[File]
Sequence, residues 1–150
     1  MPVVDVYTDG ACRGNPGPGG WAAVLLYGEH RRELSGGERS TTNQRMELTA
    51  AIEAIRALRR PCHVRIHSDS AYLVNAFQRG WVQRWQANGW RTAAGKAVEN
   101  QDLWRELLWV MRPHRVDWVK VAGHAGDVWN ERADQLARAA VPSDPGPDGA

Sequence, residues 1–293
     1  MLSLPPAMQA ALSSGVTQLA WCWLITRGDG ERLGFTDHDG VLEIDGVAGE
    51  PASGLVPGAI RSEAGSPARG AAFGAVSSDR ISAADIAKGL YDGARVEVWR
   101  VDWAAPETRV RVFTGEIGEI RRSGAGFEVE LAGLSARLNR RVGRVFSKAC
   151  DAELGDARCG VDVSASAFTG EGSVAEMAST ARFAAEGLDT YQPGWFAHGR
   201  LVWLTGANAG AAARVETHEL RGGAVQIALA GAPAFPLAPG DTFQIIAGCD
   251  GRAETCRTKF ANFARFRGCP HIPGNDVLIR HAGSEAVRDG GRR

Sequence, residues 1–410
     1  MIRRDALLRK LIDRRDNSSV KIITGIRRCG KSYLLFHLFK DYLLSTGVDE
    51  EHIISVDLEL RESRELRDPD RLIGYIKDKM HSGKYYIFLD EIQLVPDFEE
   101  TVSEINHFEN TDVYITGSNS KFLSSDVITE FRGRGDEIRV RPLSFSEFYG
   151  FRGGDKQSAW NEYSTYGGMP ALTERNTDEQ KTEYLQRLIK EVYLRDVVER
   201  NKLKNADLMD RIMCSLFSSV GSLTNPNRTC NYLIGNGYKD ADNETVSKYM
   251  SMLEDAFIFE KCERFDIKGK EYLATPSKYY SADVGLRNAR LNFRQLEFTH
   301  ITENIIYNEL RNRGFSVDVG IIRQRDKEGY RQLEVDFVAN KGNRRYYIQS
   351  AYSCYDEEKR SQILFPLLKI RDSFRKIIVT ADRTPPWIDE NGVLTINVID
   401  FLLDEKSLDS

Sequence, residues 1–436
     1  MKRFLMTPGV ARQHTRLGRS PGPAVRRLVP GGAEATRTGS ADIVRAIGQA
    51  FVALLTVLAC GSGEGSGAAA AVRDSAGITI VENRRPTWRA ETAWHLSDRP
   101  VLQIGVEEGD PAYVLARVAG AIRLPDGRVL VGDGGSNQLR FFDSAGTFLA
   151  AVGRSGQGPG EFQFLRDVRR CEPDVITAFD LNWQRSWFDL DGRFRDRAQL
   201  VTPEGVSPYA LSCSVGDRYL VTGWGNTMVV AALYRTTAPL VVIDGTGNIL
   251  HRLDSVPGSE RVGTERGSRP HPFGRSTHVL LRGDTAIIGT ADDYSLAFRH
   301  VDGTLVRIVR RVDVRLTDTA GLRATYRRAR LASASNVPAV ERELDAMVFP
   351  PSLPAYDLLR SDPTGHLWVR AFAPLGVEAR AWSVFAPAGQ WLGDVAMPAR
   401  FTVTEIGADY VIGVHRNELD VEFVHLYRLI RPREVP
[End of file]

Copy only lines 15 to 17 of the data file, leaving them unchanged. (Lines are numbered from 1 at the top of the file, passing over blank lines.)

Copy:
   101  TVSEINHFEN TDVYITGSNS KFLSSDVITE FRGRGDEIRV RPLSFSEFYG
   151  FRGGDKQSAW NEYSTYGGMP ALTERNTDEQ KTEYLQRLIK EVYLRDVVER
   201  NKLKNADLMD RIMCSLFSSV GSLTNPNRTC NYLIGNGYKD ADNETVSKYM